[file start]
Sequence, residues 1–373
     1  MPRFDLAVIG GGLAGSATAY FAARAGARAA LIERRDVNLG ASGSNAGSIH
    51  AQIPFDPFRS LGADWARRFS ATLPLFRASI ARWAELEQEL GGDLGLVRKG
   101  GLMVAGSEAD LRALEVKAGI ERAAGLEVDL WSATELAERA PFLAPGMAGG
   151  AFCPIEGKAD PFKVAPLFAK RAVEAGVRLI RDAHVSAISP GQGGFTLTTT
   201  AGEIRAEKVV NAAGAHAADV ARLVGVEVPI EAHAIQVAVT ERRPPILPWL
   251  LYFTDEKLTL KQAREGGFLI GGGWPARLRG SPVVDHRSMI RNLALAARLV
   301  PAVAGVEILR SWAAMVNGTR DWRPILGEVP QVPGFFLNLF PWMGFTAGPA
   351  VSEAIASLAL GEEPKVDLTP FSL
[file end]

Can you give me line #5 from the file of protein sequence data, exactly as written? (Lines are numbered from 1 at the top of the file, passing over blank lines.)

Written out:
   151  AFCPIEGKAD PFKVAPLFAK RAVEAGVRLI RDAHVSAISP GQGGFTLTTT